Elana Stone and Brian Campeau of The Rescue Ships join Ngaiire for the album's final track, 'Ordinary.' While light electronic touches do come into play, 'Ordinary' is the most stripped back number on Lamentations. Three insanely talented vocalists, a piano and a song with lyrics that hold a finality as imminent as the album's own end. "I no longer want to hold your hand, makes me see a future I don't have, rather feel like you aren't even there, so I can feel like somehow this is ordinary." I've said it before and I'll say it again, the best albums end on a showstopping piano ballad. Lamentations can now be used as evidence in support of this hypothesis.

An album a lifetime in the making, Lamentations is an enviable debut. Ngaiire's talents are all laid out to bare; the voice, the songwriting and an ambition and creativity that deserves to be celebrated. This is an album so good I know that I'll still be listening to it in five, ten, twenty years time and hopefully there will be a whole bunch of other Ngaiire albums to go with it. This is the true beginning for Ngaiire. Make sure you join her for an unforgettable journey.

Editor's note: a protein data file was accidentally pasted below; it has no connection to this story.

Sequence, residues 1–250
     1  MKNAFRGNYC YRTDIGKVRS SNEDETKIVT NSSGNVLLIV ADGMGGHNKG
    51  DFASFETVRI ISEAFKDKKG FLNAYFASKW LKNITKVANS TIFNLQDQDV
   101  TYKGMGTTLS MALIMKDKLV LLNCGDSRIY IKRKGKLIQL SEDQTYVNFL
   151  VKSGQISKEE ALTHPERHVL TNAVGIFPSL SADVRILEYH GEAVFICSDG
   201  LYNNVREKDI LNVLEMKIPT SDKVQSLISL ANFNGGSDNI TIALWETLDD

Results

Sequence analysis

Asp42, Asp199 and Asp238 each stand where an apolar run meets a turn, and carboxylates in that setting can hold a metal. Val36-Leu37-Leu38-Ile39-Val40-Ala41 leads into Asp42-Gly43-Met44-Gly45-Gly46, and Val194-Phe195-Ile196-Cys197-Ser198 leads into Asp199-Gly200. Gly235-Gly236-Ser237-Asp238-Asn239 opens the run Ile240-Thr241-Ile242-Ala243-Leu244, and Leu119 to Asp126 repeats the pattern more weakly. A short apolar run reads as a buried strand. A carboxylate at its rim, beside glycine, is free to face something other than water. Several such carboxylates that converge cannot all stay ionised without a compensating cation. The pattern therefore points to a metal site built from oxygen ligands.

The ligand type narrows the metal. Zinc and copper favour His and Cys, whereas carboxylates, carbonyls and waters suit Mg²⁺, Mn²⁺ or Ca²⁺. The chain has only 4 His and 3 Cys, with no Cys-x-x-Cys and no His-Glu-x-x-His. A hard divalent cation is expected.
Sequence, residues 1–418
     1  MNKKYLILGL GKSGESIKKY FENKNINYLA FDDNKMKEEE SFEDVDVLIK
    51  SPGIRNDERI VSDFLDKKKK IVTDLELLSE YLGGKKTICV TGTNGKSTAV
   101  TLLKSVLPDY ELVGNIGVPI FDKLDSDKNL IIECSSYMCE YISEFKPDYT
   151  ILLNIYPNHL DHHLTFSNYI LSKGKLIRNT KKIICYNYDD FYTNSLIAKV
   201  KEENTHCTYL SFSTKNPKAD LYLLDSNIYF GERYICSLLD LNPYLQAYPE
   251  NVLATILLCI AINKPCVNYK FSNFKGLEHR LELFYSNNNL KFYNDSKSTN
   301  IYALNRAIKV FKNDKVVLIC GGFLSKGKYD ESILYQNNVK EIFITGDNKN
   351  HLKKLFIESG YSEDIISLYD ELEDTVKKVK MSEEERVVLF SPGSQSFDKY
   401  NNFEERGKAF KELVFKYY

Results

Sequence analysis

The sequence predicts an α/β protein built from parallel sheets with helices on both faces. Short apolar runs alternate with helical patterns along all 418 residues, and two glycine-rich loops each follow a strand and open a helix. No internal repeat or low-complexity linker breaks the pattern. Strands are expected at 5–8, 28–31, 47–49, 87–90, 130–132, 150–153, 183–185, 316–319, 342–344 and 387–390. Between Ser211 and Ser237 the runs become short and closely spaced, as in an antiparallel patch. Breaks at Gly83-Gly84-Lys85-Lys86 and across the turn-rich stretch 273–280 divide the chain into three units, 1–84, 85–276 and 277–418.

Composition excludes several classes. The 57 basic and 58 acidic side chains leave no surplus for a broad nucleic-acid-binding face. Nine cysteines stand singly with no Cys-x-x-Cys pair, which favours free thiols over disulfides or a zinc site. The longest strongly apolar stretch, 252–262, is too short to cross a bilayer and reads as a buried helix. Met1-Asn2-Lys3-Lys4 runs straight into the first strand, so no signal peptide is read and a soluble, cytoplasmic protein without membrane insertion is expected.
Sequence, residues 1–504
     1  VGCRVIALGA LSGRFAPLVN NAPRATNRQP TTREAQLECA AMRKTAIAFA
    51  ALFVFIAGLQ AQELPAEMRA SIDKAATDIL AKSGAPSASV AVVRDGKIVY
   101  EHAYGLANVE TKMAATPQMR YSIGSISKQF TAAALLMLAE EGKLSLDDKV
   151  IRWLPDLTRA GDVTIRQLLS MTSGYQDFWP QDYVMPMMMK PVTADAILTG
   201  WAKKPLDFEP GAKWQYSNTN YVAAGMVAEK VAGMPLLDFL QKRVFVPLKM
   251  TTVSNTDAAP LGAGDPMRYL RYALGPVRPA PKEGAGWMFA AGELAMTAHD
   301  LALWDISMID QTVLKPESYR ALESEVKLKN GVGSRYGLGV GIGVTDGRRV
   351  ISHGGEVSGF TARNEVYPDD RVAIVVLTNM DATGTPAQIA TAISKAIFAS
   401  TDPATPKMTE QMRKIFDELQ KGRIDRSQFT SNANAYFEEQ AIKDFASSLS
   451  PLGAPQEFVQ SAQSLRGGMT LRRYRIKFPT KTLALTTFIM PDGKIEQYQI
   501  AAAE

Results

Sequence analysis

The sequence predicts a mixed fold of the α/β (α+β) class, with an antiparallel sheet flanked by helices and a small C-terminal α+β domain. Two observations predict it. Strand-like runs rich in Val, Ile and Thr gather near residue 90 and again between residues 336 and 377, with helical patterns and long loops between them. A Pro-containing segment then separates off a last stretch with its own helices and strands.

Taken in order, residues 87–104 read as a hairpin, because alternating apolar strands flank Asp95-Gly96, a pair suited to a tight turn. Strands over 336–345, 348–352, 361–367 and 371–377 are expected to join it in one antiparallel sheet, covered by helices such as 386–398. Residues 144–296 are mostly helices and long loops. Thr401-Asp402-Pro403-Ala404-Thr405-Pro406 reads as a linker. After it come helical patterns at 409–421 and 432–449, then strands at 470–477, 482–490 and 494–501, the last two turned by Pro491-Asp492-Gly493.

Matt Bond gives Lamentations five Bjork heads out of five...

Greyjoy EP
by Greyjoy (out now) 

Perth music makers, Karlin Courtney and Matt Crockett go by the name of Greyjoy, which will automatically make you think of poor Theon on Game of Thrones. Unlike Theon, these guys aren't wankers and instead of seizing Winterfell to impress their insane father, they busy themselves creating dreamy synth-pop music in the vein of other Aussie heroes, Gypsy and The Cat. Their debut, self-titled EP is out now and it's a light, breezy listen that will earn them a whole lot of love. 'Strangers' circles around you, all cool and calming with floating vocals you'll fall deeply for. 'Idle Thoughts' is the type of song you know will find an audience on triple J and it's more than deserving of it. The track is almost magical with lines like, "you could dance on a silver screen," alongside descending electronic notes.